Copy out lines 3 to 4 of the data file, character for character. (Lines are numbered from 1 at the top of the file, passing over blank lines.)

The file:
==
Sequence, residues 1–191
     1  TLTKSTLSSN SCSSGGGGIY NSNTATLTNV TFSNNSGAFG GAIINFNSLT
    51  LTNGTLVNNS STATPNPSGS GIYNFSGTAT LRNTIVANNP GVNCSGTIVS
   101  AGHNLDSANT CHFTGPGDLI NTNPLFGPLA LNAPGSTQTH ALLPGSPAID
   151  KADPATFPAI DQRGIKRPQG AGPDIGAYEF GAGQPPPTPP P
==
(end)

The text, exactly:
    51  LTNGTLVNNS STATPNPSGS GIYNFSGTAT LRNTIVANNP GVNCSGTIVS
   101  AGHNLDSANT CHFTGPGDLI NTNPLFGPLA LNAPGSTQTH ALLPGSPAID